With favour never clasp’d; but bred a doga
Hadst thou, like us, froin our first swath proceeded
Through sweet degrees that this brief world affords,
To fuch, as may the passive drugs of it
Freely command; thou wouldnt have plung'd thyself
In general riot, melted down thy youth
In different beds of luft, and never learn'd
The icy precepts of respect, but followed
The sugar'd game before thee. But myself,
Who had the world as my confectionary,

The mouths, the tongues, the eyes, the hearts of men
At duty more than I could frame employments ;
That numberless upon me stuck, as leaves
Do on the oak, have with one winter's brush
Fall’n from their boughs, and left me open, bare
For every storin that blows. I to bear this,
That never knew but better, is fome burthen:
Thy nature did commence in suff'rance ; time
Hath made thee hard in't. Why shouldit thou hate men?
They never flatter'd thee. What halt thou giv’n ?
If thou wilt curfe thy father, that poor rug
Mutt be thy subject; who in spight put ituff
To some she-beggar, and compounded thee
Poor rogue hereditary. Hence! begone
If thou hadít not been born the worst of men,
Thou hadît been knave and flatterer.

On Gold.
O, thou sweet king-killer and dear divorce

(Looking on the gold,


'Twixt natural son and fire ! thou bright defiler
Of Hymen's pureit bed! thou valiant Mars!
Thou ever young, fresh, lov'd and delicate wooer,
(19) Whose blush doth thaw the confecrated snow,
That lies on Dian's lap! thou visible god,
That fouldrest close impoffibilities,
And mak'st them kiss ! that speak'st with every tongue,
To every purpose! Oh, thou touch of hearts !
Think, thy Nave man rebels ; and by thy virtue
Set them into confounding odds, that beasts
May have the world in empire.

SCENE VII. Timon to the 'Thieves.
Why should


want? behold the earth hath roots; Within this mile bre::k forth an hundred springs ; The oaks bear malts, the briers scarler hips : The bounteous huswife nature on each bush Lays her full mess before you. Want? why want?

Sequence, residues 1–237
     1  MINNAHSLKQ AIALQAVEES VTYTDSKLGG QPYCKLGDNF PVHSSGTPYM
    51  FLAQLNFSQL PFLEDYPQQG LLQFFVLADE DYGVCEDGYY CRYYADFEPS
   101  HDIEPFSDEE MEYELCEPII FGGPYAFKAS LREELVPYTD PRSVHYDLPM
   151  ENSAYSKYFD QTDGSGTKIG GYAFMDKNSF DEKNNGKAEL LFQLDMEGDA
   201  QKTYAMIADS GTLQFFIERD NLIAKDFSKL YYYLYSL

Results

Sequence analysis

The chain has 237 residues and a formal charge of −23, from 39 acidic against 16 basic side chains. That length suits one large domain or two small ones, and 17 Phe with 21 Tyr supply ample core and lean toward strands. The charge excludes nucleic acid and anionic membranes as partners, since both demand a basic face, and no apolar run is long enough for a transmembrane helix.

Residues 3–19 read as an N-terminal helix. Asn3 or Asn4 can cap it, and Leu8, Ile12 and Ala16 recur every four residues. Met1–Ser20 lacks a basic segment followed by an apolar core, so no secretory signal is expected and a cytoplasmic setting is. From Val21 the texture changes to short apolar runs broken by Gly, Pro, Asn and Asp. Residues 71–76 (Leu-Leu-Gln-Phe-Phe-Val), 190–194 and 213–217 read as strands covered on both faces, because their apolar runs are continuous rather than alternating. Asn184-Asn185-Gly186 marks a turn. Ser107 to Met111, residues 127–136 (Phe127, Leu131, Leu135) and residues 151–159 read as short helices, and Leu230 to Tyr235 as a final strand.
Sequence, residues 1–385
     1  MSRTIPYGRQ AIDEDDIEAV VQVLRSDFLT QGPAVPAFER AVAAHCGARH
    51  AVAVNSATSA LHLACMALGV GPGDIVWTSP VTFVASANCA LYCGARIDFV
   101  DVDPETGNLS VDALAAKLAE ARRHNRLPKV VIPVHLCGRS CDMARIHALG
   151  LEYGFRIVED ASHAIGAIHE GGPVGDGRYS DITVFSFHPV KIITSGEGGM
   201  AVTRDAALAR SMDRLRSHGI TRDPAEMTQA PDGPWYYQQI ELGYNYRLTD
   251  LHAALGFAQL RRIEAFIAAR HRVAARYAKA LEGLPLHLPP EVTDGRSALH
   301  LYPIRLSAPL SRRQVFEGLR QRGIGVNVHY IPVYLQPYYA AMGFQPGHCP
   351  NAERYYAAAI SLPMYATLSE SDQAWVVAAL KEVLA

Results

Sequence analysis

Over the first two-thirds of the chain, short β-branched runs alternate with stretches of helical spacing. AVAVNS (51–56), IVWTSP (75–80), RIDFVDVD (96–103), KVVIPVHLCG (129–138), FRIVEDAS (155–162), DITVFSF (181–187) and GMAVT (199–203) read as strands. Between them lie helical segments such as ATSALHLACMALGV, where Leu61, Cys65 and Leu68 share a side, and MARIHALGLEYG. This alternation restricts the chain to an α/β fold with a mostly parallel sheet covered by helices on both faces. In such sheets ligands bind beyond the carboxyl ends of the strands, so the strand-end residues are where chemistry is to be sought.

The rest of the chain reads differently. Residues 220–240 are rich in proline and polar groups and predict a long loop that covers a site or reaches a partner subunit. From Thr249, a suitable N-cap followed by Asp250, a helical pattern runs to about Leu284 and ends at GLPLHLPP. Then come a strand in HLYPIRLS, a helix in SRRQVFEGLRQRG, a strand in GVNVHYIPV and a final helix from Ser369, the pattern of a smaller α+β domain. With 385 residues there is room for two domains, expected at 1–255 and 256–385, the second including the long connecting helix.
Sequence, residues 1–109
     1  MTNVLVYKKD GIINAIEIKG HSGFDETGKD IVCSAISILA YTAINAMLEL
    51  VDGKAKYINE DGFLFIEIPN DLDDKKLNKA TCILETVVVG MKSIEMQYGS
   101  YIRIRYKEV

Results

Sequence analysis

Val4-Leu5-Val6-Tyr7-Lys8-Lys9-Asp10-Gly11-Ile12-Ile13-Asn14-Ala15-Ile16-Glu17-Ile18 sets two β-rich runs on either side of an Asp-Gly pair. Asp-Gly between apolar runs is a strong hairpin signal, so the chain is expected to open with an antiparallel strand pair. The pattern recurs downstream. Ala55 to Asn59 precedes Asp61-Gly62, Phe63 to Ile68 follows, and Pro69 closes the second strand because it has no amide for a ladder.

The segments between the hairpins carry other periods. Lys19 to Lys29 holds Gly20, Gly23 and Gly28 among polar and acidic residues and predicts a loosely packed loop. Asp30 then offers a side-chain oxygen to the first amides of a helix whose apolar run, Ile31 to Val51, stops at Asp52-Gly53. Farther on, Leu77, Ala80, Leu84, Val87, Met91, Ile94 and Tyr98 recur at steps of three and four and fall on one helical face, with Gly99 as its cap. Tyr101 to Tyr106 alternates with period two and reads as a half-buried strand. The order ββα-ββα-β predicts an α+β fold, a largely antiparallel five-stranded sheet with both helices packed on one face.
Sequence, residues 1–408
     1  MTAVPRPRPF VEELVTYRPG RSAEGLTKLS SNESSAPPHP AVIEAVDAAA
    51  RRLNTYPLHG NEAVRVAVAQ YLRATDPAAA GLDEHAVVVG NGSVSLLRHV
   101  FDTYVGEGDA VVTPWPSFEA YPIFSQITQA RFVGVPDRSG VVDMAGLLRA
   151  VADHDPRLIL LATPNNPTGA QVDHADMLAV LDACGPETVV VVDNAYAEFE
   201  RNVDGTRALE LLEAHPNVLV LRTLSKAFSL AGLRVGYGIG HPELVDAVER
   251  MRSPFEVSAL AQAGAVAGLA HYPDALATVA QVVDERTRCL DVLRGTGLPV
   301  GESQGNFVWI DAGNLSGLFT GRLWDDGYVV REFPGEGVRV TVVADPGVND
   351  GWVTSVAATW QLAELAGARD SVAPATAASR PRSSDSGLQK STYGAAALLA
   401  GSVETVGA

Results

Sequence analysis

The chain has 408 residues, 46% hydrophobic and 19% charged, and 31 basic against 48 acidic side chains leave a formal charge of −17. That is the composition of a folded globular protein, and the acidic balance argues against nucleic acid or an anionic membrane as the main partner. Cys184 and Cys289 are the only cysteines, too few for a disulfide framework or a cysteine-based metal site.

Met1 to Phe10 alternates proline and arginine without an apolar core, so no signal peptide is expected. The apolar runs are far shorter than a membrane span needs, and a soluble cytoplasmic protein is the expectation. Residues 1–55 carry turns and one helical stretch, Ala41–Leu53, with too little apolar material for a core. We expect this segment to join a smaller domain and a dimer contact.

i Thief. We cannot live on grass, on berries, water, As beasts, and birds, and fishes.

Tim. Nor on the beasts themselves, the birds and fishes: You must eat men.

Yet thanks I must you con, That you are thieves profeft; that you work not In holier Shapes : for there is boundless theft In limited professions. Rascals, thieves, Here's gold. Go, fuck the subtle blood o'th' grape, 'Till the high fever seeth your blood to froth, And so 'fcape hanging. Trust not the physician, His antidotes are poifon, and he slays More than you rob ;(16) takes wealth and life together : Do villany, do, since you profess to do't, Like workmen; I'll example you with thievery.

The (15) Whose blush, &c.] The imagery here is exquisitely beautiful and sublime; and that still heightened by allusion to a fable and custom of antiquity, viz. the story of Danae and the golden shower; and the use of consecrating to a god or goddess, that which, from a similarity of nature, they were supposed to hold in esteem. Warburto.

(16) Takes wealth and life together ; Oxford edit. vul. Tahe Wealth and live together.